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Supreme Court faces its worst crisis ever; it's time to get rid of brokers and fixers from its hallowed corridors

When the adversary is visible, it is easier to face its challenge in a battle. But what if the enemy fights from the shadows? The challenge is greater. And what if the target of the attack is the highest seat in the final court of appeal under the Constitution of India? By targeting an individual, forces of the dark are attempting to wreck the Supreme Court — an institution that serves as the savior and protector of Indian democracy.

The challenge is even greater in this battle because a trap has been laid carefully to make a direct pushback fatally counterproductive. There are booby traps of morality and landmines of victimhood narrative. The threat paradigm is inverted in a way that destroyers have fashioned themselves as “protectors” of the institution. Only thing clear in this shadowy battle is that the ‘dignity’ of India’s highest judicial institution is under threat.

 Supreme Court faces its worst crisis ever; its time to get rid of brokers and fixers from its hallowed corridors

File photo of Chief Justice of India Ranjan Gogoi. PTI

And when the Supreme Court’s dignity is in peril, it is certain to have a deleterious effect on the entire institution because the dignity — in Justice NV Ramana’s words — “first and foremost, flows from the capacity of judges to render impartial justice". That, then, is the gist. The shadowy forces that have been described as a “powerful lobby of fixers, disgruntled apex court employees and corporate figures” are trying to stain the CJI’s office so that it fails to stay committed to justice, law and fairness in delivering verdicts, leading to inevitable crumbling of the entire edifice.

Yet every crisis also brings an opportunity. The threat at hand is dangerous, nasty and obnoxious. Still, it presents an unprecedented opportunity for the judiciary to get rid of fixers and power brokers that frequent its hallowed corridors. The danger is clear and precise, and that’s why now is the time for the judiciary to shake free of ennui.

We saw judges express their helplessness periodically yet fail to take concrete action. In May last year, a bench of Justices Arun Mishra and UU Lalit, while hearing a petition, accused a section of lawyers of “killing the institution”. Few months later in February, a bench headed by Justice Arun Mishra, while hearing a contempt petition against advocate Prashant Bhushan, once again expressed anguish at the way attacks by lawyers are undermining judges and the judiciary.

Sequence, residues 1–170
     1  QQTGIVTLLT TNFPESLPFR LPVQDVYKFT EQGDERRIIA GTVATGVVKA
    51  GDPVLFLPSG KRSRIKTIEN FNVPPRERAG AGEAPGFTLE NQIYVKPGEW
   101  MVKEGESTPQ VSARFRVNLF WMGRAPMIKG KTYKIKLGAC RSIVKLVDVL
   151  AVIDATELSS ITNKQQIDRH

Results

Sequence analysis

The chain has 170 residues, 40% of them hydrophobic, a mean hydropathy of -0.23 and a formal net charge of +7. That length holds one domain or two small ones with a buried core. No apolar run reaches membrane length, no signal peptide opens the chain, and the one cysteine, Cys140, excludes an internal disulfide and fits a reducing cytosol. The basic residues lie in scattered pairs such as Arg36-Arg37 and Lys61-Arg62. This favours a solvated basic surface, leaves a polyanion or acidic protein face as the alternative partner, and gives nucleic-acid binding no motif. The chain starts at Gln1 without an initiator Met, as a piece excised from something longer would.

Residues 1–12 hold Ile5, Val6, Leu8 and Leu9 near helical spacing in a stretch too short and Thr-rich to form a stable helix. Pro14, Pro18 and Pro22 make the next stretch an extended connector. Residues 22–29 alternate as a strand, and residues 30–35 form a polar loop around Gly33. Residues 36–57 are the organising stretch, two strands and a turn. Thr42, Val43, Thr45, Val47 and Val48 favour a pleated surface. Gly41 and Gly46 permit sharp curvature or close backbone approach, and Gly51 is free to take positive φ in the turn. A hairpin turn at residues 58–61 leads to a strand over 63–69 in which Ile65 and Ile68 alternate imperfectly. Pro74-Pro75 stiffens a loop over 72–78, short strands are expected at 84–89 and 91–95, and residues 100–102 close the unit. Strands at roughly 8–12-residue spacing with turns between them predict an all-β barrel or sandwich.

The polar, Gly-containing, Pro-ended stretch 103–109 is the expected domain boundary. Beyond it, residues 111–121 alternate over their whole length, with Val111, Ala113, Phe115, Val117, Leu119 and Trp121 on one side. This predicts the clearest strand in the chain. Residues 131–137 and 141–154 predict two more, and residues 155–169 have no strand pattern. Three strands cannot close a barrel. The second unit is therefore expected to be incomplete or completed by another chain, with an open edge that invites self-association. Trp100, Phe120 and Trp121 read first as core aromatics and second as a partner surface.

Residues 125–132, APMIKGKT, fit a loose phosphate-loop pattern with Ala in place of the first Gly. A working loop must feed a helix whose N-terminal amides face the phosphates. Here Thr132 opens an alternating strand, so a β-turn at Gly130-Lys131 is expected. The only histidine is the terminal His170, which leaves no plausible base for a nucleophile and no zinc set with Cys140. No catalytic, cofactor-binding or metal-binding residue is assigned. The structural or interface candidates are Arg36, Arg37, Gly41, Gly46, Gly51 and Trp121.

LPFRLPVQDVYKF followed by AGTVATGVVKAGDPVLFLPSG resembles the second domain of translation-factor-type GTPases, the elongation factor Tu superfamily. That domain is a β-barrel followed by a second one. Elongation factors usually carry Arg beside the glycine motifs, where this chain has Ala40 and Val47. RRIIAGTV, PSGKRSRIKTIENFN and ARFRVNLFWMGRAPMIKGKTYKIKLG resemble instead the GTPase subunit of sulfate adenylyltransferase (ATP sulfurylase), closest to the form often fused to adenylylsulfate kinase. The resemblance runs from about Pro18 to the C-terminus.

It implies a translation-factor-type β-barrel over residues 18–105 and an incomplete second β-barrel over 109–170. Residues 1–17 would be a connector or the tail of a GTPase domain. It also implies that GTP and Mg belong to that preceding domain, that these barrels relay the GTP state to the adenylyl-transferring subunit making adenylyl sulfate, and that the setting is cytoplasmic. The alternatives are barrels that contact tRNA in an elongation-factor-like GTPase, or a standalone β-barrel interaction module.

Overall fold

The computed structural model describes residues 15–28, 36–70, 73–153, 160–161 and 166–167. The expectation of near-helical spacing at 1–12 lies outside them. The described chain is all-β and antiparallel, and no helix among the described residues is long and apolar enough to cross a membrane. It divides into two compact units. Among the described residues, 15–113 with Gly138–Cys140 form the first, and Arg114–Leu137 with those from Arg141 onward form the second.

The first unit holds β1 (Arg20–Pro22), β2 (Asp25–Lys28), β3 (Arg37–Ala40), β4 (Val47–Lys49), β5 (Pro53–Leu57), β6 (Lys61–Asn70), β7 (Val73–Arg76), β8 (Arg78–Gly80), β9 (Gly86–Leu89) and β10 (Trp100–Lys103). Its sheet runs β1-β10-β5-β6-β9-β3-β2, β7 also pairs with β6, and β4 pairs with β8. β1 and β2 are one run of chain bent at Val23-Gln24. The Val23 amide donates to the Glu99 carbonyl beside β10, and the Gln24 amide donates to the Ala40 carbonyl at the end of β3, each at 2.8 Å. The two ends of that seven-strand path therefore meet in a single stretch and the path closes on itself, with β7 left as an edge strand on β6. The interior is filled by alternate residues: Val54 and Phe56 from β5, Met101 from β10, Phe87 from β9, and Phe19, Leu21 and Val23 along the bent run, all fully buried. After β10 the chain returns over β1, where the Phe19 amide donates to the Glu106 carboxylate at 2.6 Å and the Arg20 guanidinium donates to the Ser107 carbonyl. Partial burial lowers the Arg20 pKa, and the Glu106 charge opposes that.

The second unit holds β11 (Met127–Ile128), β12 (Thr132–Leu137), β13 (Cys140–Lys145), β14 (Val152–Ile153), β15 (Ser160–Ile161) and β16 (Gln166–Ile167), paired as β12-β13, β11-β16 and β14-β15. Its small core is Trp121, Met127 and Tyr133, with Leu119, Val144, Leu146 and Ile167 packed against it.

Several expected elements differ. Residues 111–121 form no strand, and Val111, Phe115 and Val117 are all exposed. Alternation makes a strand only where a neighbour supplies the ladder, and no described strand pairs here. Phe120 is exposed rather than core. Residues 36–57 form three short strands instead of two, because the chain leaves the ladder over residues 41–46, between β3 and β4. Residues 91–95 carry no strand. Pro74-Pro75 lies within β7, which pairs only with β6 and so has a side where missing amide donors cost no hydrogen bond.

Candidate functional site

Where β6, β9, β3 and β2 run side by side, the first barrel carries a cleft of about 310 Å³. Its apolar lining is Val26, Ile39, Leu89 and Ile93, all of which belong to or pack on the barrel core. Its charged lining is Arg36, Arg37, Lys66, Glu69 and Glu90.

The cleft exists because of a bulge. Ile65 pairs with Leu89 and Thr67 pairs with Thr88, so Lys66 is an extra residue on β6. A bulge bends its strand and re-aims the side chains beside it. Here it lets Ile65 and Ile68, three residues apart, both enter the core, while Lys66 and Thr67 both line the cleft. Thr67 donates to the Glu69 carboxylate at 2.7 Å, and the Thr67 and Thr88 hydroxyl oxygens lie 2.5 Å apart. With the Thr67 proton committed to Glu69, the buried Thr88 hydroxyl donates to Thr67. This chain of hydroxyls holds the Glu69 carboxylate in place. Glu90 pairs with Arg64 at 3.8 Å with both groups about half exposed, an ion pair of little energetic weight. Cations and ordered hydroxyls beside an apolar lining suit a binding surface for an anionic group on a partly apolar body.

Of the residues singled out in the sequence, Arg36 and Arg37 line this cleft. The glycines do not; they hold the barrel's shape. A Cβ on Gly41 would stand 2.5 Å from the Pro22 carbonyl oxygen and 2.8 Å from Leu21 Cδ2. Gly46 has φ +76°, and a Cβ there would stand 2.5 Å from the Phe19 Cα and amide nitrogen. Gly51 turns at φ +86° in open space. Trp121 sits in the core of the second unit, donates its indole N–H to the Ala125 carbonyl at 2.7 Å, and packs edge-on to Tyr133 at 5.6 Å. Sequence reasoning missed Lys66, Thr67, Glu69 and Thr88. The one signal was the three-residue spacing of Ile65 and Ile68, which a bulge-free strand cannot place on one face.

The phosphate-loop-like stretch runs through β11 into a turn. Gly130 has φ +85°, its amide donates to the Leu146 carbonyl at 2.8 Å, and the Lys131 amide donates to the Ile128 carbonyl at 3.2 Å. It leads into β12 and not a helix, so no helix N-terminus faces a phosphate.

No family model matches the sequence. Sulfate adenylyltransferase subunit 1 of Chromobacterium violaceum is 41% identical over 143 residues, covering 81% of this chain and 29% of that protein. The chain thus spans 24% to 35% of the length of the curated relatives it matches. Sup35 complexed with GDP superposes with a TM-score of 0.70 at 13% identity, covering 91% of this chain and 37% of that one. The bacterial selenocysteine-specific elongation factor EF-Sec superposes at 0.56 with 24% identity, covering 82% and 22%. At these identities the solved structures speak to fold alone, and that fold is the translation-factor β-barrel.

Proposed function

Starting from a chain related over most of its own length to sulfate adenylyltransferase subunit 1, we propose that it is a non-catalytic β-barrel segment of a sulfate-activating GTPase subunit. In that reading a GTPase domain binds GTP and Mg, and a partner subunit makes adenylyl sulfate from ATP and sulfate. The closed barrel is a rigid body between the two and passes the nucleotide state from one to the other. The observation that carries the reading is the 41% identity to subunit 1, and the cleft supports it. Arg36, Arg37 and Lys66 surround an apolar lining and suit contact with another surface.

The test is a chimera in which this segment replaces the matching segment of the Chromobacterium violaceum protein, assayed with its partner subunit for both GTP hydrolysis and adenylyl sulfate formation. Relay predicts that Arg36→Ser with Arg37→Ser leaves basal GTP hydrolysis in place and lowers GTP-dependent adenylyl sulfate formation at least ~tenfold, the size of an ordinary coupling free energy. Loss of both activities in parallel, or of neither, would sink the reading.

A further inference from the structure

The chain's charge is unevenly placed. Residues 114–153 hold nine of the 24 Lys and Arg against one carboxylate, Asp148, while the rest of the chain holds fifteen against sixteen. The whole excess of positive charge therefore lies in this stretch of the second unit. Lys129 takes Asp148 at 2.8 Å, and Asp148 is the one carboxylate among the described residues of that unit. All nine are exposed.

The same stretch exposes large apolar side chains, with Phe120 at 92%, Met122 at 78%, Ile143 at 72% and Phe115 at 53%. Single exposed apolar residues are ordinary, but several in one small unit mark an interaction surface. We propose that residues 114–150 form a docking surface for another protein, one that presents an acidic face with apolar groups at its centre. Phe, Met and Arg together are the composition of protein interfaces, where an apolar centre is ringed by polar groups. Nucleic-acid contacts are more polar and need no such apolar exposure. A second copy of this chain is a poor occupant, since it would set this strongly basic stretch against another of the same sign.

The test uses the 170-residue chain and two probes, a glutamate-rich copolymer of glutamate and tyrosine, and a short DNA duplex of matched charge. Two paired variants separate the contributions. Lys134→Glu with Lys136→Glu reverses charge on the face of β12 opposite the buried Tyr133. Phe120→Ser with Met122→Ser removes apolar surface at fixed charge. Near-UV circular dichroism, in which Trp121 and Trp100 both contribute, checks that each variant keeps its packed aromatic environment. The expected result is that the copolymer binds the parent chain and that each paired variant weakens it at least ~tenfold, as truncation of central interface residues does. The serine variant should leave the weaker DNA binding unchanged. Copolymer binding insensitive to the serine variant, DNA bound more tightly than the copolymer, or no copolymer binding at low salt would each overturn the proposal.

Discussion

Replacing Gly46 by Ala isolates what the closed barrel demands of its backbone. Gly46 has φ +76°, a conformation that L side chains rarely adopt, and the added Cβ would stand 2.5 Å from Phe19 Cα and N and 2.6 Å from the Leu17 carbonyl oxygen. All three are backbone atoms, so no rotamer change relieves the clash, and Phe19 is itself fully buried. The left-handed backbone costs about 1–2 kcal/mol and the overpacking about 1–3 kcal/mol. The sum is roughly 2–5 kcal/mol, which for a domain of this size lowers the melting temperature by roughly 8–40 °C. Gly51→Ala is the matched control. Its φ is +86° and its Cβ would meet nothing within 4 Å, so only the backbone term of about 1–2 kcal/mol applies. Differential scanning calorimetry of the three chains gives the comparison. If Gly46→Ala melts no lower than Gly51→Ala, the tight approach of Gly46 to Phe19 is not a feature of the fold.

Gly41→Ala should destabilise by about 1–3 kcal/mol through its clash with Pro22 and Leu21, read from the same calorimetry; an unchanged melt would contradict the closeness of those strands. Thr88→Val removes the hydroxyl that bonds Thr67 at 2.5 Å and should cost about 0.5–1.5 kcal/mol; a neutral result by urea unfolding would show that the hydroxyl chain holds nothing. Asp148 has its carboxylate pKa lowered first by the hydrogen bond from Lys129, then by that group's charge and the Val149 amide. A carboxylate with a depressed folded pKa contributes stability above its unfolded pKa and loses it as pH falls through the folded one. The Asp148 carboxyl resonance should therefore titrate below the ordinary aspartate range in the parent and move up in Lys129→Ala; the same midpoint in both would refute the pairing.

“Freedom carries responsibility. What if bar is out to kill the judiciary? That’s what it looks like. Judiciary has to be protected from outside, not from insiders. Some lawyers seem to be carrying a dagger to kill the judiciary,” the bench, also comprising Justice Navin Sinha, had observed.

In mitigating the crisis, however, obvious traps must be avoided. The allegation of sexual harassment filed against CJI Ranjan Gogoi must be thoroughly inquired into and taken to its logical and legal conclusion. The Supreme Court has come under attack on its handling of the issue. However, the fact is that in appointing a three-member in-house committee led by the senior-most puisne judge Justice SA Bobde, armed with the approval of the ‘Full Court’ to inquire into the charges, the apex court has stayed true to procedure.

The extent of the threat, however, becomes clear when we see that the Supreme Court’s liberal nature is used against it to sharpen the attack. The original three-judge in-house committee led by Justice SA Bobde had as its members Justice Ramana and Justice Indira Banerjee to examine allegations of sexual harassment leveled by a dismissed employee of the court against CJI Gogoi. “Reservations” were apparently expressed by the complainant over the inclusion of Justice Ramana in the committee on grounds that he may have “prejudged the matter”. This was based on a selective reading of his earlier speech and also because apparently Justice Ramana is a close friend of CJI Gogoi and like a “family member to him”.

Justice Ramana, while recusing himself from the panel (where he was replaced by Justice Indu Malhotra), categorically rejected the aspersions cast on him as “baseless, unfounded and misconceived". His three-page letter to colleagues explaining the reasons behind his recusal paint a sorry picture of the way pressure is being brought upon the judiciary to bend its will and elicit verdicts of choice through benches of choice.